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A CurtainUp Review
Death of Frank
By Elyse Sommer
The Death of Frank is one of those narrator driven plays that's designed to make the audience members feel like friends listening to confidences shared across a kitchen table. And what confidences they are!
With flashbacks from the present to the past, Peter (Steven Memran) tells us how his incestuous relationship with his sister Natalie (Natalie Browne) developed. (Not surprisingly, mom and dad for whom they used to put on plays like "The Tree and Syrup Dance" had something to do with this emotionally explosive situation). Peter and Natalie, in their twenties, share an apartment in an unnamed city. She is a yoga teacher with unfulfilled ambitions to be an architect. He is a perennial underachiever who tends their garden with a hoe that is the first of two smoking guns signaling violence in the offing. His sexuality, like his life, is in flux and "shifts like a beach front."
As in the musical Ragtime, the narration is not limited to a single character. It is interspersed with scenes in which the audience is asked to switch from kitchen table confidante to spectator, as the narrators become players instead of confidantes. Thus we meet the two other players in this psychosexual melodrama, both of whom contribute to the play's complications even as they provide some of its more amusing moments.
The first of these is Frank (Peter Lewis). He is sixteen years older than Natalie, a tough macho "always on top" guy with vaguely threatening connections to the construction industry. For Natalie he turns out to be her one and only or as she puts it "You'll always be the one for me -- I'm the diamond, and you're the rough." For Frank it's love too, "quick as it takes to change a light or explain religion".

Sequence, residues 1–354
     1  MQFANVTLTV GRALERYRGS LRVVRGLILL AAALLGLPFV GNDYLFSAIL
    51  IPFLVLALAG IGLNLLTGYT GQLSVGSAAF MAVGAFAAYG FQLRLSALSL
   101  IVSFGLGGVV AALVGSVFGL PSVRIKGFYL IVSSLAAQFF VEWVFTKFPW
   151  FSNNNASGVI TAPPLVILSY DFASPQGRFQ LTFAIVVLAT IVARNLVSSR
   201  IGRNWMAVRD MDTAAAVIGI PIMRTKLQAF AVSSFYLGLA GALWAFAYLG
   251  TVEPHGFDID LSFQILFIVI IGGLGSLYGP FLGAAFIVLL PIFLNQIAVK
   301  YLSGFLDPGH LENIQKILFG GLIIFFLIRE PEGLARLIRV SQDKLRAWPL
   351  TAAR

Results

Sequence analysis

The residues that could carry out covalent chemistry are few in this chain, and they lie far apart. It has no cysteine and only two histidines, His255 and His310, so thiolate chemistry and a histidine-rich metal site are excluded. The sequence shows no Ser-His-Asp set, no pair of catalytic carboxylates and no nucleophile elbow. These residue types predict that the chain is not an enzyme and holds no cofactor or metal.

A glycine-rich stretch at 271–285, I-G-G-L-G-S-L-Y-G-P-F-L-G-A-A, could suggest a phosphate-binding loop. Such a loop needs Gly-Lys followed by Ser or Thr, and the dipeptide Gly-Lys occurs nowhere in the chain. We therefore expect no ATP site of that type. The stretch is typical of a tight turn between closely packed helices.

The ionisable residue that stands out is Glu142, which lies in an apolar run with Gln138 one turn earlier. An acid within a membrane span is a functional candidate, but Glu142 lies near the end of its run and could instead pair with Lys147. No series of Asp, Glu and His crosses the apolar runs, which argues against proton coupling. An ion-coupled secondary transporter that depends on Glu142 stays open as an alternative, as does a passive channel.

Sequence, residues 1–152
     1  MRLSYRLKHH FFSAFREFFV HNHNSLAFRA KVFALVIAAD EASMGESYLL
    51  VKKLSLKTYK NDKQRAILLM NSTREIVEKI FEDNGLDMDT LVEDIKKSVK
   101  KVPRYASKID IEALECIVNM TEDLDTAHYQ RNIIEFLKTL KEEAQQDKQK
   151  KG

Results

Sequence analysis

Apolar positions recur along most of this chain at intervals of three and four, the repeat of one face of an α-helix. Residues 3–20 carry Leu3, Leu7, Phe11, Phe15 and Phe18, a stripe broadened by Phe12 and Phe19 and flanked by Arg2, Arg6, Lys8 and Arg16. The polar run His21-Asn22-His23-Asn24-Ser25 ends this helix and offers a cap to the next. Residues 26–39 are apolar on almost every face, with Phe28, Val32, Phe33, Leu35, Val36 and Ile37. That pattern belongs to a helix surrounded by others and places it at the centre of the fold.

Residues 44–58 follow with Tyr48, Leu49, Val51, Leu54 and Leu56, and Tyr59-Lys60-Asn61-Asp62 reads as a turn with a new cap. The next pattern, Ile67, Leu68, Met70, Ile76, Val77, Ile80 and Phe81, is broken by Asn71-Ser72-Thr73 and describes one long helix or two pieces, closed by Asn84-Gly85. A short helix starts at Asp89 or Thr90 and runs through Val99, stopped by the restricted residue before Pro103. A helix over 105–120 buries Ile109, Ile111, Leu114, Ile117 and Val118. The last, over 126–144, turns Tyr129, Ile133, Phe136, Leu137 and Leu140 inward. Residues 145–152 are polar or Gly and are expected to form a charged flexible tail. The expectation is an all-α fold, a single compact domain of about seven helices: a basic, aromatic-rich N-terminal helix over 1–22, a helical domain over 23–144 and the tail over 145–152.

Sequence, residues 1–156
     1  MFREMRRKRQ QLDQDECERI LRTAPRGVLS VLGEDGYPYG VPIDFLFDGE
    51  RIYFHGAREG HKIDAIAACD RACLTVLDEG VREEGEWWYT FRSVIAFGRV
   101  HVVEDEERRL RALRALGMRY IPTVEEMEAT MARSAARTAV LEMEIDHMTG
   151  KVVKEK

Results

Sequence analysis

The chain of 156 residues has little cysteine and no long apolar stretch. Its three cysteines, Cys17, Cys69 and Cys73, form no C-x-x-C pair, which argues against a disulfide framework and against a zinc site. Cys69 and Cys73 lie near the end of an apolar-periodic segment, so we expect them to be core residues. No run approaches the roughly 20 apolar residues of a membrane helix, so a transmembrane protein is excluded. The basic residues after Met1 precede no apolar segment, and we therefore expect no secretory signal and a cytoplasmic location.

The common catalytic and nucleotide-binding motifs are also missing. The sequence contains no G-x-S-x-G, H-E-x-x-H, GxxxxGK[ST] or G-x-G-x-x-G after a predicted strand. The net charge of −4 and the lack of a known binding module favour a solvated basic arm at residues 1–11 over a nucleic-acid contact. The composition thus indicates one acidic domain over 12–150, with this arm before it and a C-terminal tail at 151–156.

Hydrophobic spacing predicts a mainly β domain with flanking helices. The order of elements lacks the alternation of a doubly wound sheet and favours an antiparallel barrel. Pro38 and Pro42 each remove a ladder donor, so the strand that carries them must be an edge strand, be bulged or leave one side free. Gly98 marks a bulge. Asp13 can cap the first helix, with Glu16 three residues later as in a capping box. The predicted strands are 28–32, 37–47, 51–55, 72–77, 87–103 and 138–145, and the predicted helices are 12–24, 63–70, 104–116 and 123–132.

The other character to help us unravel Peter and Natalie's story is Lynn (Amy Resnick) a smooth talking linguist who knows more than a thing or two about parlaying her skills into popular public lectures. At one such lecture, she flashes cue cards that include one marked COMMUNI-FUK-ATION and befriends Peter. She also becomes the key narrator who rings down the intermission and final curtains.
Despite my mention of two smoking guns, The Death of Frank is not really a murder mystery and its title precludes any surprises about what happens to Frank. The mystery stems from why, how and when. That's why I won't say any more about those "guns" except that there are explosions (of laughter as well as via those weapons). I also won't be giving anything away when I tell you not to expect a neat sum-up ending.
Under Lucie Tiberghien's sensitive direction the switch between narration and action and tragedy and comedy works well and seemingly without effort. Valda Lake's spare set, Michael P. Jones' lighting, Lucie Tiberghien's sound design and Virginia Levy's costumes all contribute towards engaging your interest and attention. The two main players do well by their parts but the standouts are Amy Resnick as the likeable and amusing linguist and Peter Lewis who plays Frank with just the right mix of wry humor and gangster macho.
With all these positives to draw you downtown, (including a comfortable and attractive theater in back of a SoHo art gallery), The Death of Frank is hardly the play that, to quote from the press release, "takes playwriting to the level where it needs to be." It's worth seeing but it's likely to leave you less than completely satisfied that you've spent two hours with characters you'll long remember, a theme that makes a powerful impact, or language that rises above wannabe lyricism.